this afternoon i payed 1.12eurocent.......................it rises constantly, the russian and the chinese did their shit even before the war, but the price never reached this guinness highness
__________________
babyman is offline  
Old 04-08-2005, 12:00 PM   #102
Rock n' Roll Doggie
ALL ACCESS
 
ILuvLarryMullen's Avatar
 
Join Date: Jun 2002
Location: in the sunshine
Posts: 6,904
Local Time: 07:44 AM
Quote:
Originally posted by U2Kitten
I have yet another take on this. I am convinced there is pump rigging going on. I travel a round trip of 150 miles every day, and I use a lot of gas. At some stations, 5 bucks will get me all the way one way and then some, while other stations' gas only gets me a little more than halfway. After all this driving and pumping and paying out the ass, I have noticed and can name which stations' gas holds up better. This is not just a question of quality of gas, since I have had both good and bad luck with both big names like Exxon and small stores like Southern Food Store. Sheetz is the gas that holds out the longest. It can't be my car if it varies like this. I am convinced some stores are setting their pumps to less than a gallon. I heard this happened in the 70s oil crisis too.

If you think this is happening there should be a sticker somewhere on the pump about it being regulated by the state for accuracy in its measures and a number that you can call if you suspect that something is amiss.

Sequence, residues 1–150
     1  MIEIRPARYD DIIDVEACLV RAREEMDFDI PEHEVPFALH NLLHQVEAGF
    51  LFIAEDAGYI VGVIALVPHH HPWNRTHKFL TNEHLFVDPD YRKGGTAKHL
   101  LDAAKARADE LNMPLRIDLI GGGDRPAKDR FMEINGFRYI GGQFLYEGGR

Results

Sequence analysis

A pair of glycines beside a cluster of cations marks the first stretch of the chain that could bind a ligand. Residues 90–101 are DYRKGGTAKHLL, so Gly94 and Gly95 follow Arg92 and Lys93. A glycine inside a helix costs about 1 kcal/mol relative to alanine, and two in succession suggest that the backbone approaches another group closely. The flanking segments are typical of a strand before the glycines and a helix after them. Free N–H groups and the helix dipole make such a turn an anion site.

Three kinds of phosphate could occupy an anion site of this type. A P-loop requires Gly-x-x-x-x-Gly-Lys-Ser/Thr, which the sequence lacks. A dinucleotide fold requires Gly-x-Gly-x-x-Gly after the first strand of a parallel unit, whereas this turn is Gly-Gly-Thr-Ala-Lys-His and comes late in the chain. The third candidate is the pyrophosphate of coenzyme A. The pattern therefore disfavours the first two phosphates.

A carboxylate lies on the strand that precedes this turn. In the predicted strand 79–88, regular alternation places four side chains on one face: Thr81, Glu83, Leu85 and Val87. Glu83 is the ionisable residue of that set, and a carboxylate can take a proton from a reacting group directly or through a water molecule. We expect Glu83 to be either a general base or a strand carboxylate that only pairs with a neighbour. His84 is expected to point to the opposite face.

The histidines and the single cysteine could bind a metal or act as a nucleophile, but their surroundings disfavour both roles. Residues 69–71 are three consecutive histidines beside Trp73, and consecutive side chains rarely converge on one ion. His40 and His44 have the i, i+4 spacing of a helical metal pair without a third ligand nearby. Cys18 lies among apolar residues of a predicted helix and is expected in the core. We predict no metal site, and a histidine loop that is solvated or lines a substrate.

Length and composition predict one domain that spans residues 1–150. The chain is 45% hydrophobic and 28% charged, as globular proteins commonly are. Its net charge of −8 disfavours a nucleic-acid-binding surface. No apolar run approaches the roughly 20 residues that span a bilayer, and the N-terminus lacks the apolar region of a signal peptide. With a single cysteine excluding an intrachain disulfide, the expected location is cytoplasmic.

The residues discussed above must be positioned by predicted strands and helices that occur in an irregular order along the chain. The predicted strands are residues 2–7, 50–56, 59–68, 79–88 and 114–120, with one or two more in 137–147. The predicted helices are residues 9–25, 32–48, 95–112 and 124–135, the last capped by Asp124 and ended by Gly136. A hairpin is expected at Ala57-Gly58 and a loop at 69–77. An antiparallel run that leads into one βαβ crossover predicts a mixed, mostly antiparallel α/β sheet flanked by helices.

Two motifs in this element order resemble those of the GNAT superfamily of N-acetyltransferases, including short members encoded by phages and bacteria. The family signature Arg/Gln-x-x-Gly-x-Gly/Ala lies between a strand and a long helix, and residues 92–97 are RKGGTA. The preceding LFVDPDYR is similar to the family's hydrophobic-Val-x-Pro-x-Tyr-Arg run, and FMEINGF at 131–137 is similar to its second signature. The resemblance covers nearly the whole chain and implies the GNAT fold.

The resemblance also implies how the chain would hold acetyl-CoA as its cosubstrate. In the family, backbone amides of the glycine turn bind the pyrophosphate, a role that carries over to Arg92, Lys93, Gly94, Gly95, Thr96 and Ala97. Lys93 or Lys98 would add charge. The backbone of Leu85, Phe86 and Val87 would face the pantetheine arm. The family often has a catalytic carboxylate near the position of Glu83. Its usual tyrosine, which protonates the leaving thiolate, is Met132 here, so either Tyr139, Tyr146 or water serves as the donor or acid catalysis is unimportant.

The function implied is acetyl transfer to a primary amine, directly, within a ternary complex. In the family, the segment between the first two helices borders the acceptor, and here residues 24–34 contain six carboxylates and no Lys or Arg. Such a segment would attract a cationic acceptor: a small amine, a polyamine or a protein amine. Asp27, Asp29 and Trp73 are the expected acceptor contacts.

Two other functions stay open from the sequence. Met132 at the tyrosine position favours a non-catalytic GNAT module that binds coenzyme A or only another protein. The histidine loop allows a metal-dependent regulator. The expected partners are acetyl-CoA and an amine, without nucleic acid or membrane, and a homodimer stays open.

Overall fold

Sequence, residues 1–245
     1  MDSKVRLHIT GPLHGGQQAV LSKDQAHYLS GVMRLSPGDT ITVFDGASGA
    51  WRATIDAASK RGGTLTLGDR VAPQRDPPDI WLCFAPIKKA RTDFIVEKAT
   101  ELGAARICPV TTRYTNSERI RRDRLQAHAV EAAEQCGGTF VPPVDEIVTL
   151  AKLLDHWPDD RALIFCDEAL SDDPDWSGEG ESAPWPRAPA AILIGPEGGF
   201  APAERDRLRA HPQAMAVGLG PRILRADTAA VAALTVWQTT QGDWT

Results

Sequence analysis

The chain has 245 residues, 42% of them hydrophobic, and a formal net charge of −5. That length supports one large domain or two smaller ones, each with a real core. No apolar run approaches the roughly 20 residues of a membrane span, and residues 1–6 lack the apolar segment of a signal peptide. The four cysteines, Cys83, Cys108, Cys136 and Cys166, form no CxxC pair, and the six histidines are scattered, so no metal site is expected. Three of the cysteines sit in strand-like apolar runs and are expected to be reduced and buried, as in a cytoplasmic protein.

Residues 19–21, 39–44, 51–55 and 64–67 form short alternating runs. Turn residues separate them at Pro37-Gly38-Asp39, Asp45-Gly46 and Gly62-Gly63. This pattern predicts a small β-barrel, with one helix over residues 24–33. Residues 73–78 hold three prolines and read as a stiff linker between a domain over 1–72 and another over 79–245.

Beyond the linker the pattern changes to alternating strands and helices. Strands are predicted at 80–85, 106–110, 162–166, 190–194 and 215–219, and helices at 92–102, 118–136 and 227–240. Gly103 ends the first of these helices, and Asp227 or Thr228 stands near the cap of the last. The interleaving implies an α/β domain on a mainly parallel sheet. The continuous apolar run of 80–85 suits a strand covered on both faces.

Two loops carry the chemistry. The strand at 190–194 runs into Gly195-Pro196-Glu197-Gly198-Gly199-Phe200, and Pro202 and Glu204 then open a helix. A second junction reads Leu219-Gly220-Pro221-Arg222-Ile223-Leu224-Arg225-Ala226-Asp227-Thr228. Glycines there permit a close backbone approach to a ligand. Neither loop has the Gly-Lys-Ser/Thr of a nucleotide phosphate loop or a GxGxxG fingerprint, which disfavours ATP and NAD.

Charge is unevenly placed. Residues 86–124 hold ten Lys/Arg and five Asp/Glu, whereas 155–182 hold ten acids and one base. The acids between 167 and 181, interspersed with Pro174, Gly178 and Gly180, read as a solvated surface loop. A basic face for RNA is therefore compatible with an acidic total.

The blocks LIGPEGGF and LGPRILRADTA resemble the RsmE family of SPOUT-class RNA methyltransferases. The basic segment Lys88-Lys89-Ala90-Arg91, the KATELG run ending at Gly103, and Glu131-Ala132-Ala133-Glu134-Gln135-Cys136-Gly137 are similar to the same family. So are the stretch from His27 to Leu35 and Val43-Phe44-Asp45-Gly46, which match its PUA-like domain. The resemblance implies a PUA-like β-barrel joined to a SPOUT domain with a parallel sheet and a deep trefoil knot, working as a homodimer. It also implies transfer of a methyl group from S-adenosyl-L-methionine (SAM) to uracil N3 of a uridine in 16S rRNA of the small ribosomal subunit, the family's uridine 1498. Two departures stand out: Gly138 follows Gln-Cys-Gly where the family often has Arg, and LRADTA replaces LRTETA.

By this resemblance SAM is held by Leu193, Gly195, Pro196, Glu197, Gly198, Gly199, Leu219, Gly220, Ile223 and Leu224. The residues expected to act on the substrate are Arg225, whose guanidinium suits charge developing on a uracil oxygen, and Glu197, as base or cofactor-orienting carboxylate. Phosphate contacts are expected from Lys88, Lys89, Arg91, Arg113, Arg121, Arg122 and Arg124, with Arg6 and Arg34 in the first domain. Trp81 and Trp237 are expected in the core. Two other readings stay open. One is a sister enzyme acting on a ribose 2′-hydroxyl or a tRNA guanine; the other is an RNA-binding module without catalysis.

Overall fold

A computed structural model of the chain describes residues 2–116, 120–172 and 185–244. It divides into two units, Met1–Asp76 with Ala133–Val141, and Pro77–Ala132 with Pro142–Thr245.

__________________
ILuvLarryMullen is offline  
Old 04-08-2005, 05:56 PM   #103
Refugee
 
Join Date: Aug 2004
Posts: 1,435
Local Time: 03:44 PM
WOW.

Just makes me proud to live in a place like Albany, NY. It'a a little like Dublin, actually: a big village. It shares some of the deficiencies of the America that Henry (History is Bunk) Ford built( he was the one who basically dismantled what used to be the WORLD'S BEST public trandport system..railroads to suburbs? Heck, we outdid even the Brits on that one)..

such as: a miniature portion of shoddy downtown caused by White Flight, a bus system that doesn't run past 11:30 PM-midnight )Albany has a lot of colleges, so maybe the buses run a little later here than other cities), the newest technolgical jobs opening up in Clifton Park, the local "Edge City"; and the damnable lack of a shuttle train running 40 miles north to Saratoga so we can be better conencted to the Horse Racing Season in July-August, but other things are great here.

The three main "Cities" of the Capital District-=-Albany, Schenectady, Troy, are closely linked together by spiderweb pockets of suburbs between them that have largely sprung up sice WWII. Instead of a single city-suburb structure that runs inward to outwars, the geogrpahical position of the 3 "townships" makes for a great public transport situation. The buses run between the three areas, and the farthest point, Schenctady is no more than 45 minutes (in heavy traffic)from Albany and Hudson River. There are great parks in the middl f touwn and a walkway besdie the river. The whole place is small, maybe 25 miles square. The main tri-city area. Albany has also preserved much of its ancient (for America, about 240 yrs is ancient) architecture. Many great period Hollywood films are made here. IN the are'as shopping malls, there is a real diversity of people....you never go to any inddor mall and think, "OKay, this is the suburban mall" or this is the 'gehtto mall." I live along a street that used to be cobblestonesa cnetury ago. In some places today, where the road is getting in need of repair, you can even see glimpses of cobblestones a few inches down among the potholes in the road.